Artificial intelligence research has accelerated in recent years, and people are interacting with AI more frequently. In-home AI assistants and self-driving cars were once things out of science fiction but are now becoming a reality.
Some researchers and activists wonder if AI is nearing the point of sentience, the ability to think and feel on the same level as humans. Some worry that sentient AI could overtake humanity, while others are concerned about subjugating an intelligent life form to do our bidding.
So, how will we know whether an AI has become sentient? We’ll break down the history of AI, where AI research is now, and how, or even if, we can determine if AI has crossed the border into sentience.
- Artificial intelligence research began in the mid-1950s with the search for artificial general intelligence
- Today, a large part of AI research focuses on specific tasks rather than general intelligence
- Given our current understanding of consciousness, determining if an AI is sentient may be all but impossible
A Brief History Of Artificial Intelligence
Artificial intelligence has a long history, with early formulations in stories told millennia ago. Greek mythology speaks of Talos, a giant bronze statue that guarded the island of Crete and circled the island’s shores three times a day. Though the Greeks obviously wouldn’t have described Talos using the language we have to describe AI today, it’s fascinating how long humans have thought about the line between man and machine.
However, only recently has AI become something humans can study and develop. Many experts point to 1956 as the year when AI research officially started. The Dartmouth Summer Research Project on Artificial Intelligence occurred that year.
Over its eight-week span, approximately twenty attendees met and worked together to discuss and envision programs that could demonstrate learning capabilities. The Dartmouth Summer Research Project is often marked as an initial jumping-off point for modern developments in AI, even if the eight-week event acted more as a brainstorming session. Programs created in the subsequent years learned strategies for checkers, how to speak English, and how to solve word problems.
The U.S. Department of Defense began funding AI research heavily in the 1960s. Some researchers, such as Herbert A. Simon, claimed that within twenty years, AI could do any work a human could do. However, this prediction did not bear fruit, mainly due to the limitations of computer storage, and funding dwindled in the mid-1970s. Research funding returned in the 1980s but crashed again in the latter half of the decade.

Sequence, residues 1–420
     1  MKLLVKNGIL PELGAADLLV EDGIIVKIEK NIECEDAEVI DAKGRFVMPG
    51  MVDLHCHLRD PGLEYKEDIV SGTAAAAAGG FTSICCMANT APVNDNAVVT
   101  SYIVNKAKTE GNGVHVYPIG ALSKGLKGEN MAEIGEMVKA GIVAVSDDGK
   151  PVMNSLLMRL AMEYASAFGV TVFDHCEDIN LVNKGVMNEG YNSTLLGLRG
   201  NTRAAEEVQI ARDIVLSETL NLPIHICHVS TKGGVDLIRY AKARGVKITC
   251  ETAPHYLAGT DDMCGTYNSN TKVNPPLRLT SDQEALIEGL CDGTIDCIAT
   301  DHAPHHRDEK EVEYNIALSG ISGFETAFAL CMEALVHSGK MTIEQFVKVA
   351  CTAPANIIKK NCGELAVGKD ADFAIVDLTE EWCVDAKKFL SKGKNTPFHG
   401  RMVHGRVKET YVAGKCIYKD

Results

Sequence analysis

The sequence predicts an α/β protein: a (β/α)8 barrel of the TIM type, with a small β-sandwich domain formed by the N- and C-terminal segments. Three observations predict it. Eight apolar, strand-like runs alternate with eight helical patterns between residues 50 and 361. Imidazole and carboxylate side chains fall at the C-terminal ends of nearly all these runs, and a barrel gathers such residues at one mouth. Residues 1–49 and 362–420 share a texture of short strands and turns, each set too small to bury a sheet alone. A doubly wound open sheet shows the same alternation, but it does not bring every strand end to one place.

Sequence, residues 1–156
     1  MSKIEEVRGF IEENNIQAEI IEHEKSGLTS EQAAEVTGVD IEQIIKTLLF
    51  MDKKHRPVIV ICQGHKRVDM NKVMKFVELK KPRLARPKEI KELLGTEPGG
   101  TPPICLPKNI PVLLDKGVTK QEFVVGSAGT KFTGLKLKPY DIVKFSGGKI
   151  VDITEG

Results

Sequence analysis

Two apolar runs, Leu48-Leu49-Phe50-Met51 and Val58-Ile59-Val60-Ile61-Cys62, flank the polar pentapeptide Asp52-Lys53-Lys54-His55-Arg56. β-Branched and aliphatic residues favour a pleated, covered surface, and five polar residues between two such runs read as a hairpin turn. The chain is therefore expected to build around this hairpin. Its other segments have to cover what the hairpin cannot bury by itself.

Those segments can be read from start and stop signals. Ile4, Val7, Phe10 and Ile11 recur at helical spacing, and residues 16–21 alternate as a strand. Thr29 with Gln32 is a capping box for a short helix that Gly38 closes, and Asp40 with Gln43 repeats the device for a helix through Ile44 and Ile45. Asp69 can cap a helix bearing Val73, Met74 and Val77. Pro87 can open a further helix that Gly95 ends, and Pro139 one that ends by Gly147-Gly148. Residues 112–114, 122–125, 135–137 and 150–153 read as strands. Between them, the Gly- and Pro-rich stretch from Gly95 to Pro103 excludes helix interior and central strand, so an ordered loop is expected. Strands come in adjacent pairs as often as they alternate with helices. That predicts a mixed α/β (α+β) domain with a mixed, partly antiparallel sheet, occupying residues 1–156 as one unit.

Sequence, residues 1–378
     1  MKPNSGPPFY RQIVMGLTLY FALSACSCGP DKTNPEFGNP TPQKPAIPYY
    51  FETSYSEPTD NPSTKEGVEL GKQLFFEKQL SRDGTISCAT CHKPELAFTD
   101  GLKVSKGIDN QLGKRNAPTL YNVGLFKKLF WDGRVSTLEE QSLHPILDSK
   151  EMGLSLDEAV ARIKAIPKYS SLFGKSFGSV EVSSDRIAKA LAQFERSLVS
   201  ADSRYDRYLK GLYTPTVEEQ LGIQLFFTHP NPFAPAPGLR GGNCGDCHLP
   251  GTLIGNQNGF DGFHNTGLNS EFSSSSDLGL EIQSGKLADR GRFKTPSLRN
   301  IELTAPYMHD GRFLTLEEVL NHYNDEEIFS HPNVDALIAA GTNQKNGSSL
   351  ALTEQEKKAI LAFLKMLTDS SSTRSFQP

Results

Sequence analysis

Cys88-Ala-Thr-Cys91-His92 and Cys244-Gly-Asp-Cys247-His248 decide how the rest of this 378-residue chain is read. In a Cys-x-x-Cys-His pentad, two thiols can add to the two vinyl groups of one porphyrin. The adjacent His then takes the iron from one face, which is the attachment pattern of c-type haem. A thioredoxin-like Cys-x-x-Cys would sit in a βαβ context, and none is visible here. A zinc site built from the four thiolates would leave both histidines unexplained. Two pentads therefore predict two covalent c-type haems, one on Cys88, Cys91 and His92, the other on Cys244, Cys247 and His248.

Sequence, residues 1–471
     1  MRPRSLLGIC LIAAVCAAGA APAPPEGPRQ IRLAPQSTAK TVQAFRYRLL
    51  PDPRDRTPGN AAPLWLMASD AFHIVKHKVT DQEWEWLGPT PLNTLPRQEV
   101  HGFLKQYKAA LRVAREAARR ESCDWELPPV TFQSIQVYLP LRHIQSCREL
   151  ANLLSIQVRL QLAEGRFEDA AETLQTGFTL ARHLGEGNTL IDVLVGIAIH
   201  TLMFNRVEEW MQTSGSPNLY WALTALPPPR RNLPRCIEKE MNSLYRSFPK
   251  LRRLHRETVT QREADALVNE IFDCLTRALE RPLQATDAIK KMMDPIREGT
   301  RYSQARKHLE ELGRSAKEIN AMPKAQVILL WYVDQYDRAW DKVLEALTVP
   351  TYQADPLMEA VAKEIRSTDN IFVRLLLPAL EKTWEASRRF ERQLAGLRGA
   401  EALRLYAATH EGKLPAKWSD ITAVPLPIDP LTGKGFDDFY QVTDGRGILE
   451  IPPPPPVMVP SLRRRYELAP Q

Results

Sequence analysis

The 1990s saw a second resurgence of research, this time focused on more specialized and focused AI designed to solve specific problems. This allowed researchers to demonstrate success more easily as their AIs achieved tangible results in the fields of economics and statistics.
The increasing speed of computers, combined with the Internet and access to big data, allowed for further advances in machine learning by the early 2010s. By 2015, Google was using AI in more than 2,700 projects.
The Current Landscape
Today, AI research looks pretty different than it did in its early years. Early research often focused on artificial general intelligence. People imagine this type of AI as human-like, capable of learning any task a human can. If you read or watch science fiction media, this type of AI tends to be featured.
Instead, many of today’s AI researchers focus on producing artificial intelligence to accomplish specific tasks. For example, deep learning is a form of machine learning that relies on large quantities of data and can imitate how humans gain knowledge. People and businesses can use deep learning for purposes like speech or image recognition, recommendation systems, creating art, advertising, investing, fraud detection, and more.
Artificial general intelligence research is now frequently treated as a separate topic from AI designed for specific tasks.
Current AI Products
If you’ve been near a TV in the last few months, you’ve probably heard of Open AI’s ChatGPT. This chatbot can take questions you ask and give you direct responses. This is a more streamlined approach to searching for information online, as the chatbot gives you an answer right away rather than a list of websites that might give you conflicting information.
OpenAI has not yet developed ChatGPT enough to replace journalists and people who write for a living. However, the technology has enormous potential and will fundamentally alter many disparate fields.
You may have seen many people using another AI product last year called Lensa. Users could upload photos to the Lensa app and – for a fee – receive slightly touched-up, animated pictures of themselves to use as a profile picture for Instagram or Twitter. Though this is a pretty vain use for AI, it shows how ubiquitous it’s becoming.